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View Full Version : Egg-laying in chickens vs. other birds


MikeS
12-08-2006, 01:48 PM
My GF and I were discussing eggs the other night, and the following question came up: Why is it that chickens lay one egg per day, continuously? Other birds don't, as far as I know.

The theory I came up with was that birds lay eggs until they have a certain number in their nest, and then something hormonal causes them to stop laying and start incubating; it's just that we steal chickens' eggs, and so they keep laying and laying. But would this imply that if I stole a sparrow's eggs, it would keep laying and laying as well -- is this true?

And what role do the males play in all of this? I know that the chicken eggs you buy in store are usually unfertilized; do other species of birds habitually lay unfertilized eggs?

Any enlightenment from ornithologists or other naturalists would be much appreciated!

bouv
12-08-2006, 01:52 PM
Selective breeding, I'm guessing. Same reason dairy cows produce milk all the time, and not just when pregnant and nursing.

Q.E.D.
12-08-2006, 01:55 PM
We just did this thread a couple weeks ago. As bouv states, it's basically selective breeding at work. Wild birds, even close relatives of domestic chickens, only rarely lay infertile eggs.

Q.E.D.
12-08-2006, 01:59 PM
Found it. Here (http://boards.straightdope.com/sdmb/showthread.php?t=396812) is the previous thread on this topic.

Colibri
12-08-2006, 02:07 PM
The theory I came up with was that birds lay eggs until they have a certain number in their nest, and then something hormonal causes them to stop laying and start incubating; it's just that we steal chickens' eggs, and so they keep laying and laying. But would this imply that if I stole a sparrow's eggs, it would keep laying and laying as well -- is this true?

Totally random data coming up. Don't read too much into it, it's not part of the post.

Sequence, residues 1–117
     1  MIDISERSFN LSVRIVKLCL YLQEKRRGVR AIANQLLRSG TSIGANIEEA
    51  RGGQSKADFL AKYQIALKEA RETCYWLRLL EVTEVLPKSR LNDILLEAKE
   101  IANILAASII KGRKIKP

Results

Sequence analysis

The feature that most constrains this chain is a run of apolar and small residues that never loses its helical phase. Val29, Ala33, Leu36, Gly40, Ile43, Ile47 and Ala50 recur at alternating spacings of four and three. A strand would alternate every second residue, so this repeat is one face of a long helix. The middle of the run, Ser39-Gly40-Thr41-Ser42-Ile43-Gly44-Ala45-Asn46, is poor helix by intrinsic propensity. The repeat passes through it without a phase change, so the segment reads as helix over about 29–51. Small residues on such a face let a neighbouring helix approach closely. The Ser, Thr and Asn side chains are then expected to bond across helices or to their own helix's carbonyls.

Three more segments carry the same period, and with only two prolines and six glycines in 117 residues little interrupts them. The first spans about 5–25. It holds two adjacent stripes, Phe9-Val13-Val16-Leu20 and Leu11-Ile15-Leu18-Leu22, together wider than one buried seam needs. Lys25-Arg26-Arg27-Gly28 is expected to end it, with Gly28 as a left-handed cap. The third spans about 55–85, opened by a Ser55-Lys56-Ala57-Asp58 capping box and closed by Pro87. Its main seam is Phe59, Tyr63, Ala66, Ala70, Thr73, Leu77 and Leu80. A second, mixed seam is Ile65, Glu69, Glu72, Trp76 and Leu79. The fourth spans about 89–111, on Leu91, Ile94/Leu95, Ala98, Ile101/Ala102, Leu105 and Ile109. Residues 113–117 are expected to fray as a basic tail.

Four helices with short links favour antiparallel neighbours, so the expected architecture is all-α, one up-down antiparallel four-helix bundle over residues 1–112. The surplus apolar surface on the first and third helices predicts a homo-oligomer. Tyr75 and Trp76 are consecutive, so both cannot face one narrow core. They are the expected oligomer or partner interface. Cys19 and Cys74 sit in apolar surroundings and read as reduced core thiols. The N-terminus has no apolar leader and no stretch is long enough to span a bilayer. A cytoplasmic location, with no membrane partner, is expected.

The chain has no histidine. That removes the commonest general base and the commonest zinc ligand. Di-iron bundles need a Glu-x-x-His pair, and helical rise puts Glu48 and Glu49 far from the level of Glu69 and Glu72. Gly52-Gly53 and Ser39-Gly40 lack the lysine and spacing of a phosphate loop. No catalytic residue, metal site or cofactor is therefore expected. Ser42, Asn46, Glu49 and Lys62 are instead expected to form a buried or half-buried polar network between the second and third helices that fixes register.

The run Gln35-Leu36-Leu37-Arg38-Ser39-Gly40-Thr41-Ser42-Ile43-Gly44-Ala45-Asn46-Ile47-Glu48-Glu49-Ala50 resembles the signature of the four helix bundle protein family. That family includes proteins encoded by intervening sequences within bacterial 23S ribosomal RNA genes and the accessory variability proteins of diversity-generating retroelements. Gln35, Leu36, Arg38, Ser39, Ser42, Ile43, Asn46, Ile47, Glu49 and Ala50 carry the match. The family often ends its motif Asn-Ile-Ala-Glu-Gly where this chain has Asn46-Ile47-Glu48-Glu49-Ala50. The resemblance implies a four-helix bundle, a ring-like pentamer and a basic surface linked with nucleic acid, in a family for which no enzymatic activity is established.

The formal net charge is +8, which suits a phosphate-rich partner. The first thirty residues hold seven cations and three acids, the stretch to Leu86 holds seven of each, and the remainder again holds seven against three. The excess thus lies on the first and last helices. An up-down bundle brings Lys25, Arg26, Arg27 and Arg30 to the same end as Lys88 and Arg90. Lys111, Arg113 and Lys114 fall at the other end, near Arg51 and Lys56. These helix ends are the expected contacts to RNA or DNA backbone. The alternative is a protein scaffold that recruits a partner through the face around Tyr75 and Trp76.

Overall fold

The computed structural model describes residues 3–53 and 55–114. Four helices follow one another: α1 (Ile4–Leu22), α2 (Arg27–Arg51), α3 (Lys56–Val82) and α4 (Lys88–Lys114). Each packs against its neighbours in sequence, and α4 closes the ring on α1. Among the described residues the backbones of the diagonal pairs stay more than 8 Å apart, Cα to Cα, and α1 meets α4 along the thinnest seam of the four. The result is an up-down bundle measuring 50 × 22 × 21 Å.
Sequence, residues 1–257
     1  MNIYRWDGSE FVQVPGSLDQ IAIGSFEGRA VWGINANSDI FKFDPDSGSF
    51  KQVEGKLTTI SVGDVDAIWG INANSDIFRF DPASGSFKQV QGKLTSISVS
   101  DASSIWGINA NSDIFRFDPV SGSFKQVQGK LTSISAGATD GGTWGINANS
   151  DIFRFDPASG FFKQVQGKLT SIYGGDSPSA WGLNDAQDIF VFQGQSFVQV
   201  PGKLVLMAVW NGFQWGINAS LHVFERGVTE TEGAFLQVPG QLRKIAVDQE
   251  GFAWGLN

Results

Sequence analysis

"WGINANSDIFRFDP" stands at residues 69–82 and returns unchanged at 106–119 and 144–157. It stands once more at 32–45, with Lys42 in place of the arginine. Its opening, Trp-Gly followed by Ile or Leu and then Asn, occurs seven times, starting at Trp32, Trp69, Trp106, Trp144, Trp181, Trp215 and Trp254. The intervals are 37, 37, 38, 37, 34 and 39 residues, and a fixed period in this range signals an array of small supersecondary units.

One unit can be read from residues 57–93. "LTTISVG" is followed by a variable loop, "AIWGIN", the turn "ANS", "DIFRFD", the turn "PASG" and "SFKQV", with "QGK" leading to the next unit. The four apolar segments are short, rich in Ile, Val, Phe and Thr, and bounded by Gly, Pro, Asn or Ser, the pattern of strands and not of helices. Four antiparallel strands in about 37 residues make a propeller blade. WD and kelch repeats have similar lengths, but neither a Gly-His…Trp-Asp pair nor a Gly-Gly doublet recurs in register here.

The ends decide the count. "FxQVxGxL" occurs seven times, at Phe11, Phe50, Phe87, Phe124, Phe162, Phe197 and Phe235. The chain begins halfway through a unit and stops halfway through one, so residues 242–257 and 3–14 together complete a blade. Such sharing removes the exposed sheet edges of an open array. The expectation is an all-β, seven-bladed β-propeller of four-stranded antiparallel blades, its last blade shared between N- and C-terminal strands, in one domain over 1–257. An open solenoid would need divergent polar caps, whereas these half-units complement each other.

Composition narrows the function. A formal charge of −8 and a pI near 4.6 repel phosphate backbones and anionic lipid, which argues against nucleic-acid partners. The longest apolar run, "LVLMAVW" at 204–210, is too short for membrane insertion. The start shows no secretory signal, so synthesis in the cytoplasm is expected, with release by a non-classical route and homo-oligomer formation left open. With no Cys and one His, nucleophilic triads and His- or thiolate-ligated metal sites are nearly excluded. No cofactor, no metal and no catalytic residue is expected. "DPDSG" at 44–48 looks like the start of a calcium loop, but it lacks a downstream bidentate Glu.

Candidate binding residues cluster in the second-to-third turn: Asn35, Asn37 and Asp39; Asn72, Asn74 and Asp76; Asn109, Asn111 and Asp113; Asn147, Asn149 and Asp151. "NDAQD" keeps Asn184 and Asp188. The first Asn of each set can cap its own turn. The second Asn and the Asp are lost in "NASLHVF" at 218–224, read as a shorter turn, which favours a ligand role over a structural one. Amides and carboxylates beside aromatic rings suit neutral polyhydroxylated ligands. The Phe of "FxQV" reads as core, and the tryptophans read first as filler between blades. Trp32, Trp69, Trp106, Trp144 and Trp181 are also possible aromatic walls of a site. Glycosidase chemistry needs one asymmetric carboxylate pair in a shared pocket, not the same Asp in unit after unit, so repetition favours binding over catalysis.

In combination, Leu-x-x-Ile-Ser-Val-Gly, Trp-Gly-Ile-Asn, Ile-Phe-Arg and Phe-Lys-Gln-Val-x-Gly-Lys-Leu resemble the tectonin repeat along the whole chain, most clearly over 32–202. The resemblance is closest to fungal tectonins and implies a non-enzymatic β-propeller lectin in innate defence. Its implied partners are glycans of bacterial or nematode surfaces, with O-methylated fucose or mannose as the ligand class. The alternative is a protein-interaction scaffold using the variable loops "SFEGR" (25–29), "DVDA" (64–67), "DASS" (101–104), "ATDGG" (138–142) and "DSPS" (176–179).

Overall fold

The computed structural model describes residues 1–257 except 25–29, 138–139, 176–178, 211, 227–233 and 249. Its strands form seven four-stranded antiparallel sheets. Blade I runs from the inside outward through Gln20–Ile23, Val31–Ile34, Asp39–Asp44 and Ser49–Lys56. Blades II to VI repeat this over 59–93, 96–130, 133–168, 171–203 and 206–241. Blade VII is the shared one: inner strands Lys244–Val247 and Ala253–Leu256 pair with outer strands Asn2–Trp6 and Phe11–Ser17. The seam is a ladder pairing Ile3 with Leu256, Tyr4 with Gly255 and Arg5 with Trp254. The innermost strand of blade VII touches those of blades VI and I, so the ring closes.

This is in part the case. Birds will often keep laying until they have completed their clutch. If you remove eggs, they will lay additional eggs in an attempt to complete the normal clutch of the species. Unlike in domestic chickens, however, this won't go on indefinitely. Eventually the female won't be able to keep up with the high energy demands required to produce more eggs, and will shut off production. She may also stop for hormonal reasons.

I once had a pair of Zebra Finches I got from the psych lab at my university that had been used in behavioral experiments. I don't know that that was the cause, but the female was behaviorally screwed up. She would lay an egg in her nest, then within a day I would find it on the cage floor - she wouldn't incubate. But she just kept laying an egg every few days until she became exhausted and lost all the feathers on her head. She finally stopped.

And what role do the males play in all of this? I know that the chicken eggs you buy in store are usually unfertilized; do other species of birds habitually lay unfertilized eggs?

As has been said, although other birds will sometimes lay unfertized eggs by accident, the readiness of domestic chickens to do so, and to continue to lay indefinitely, is a selected trait.

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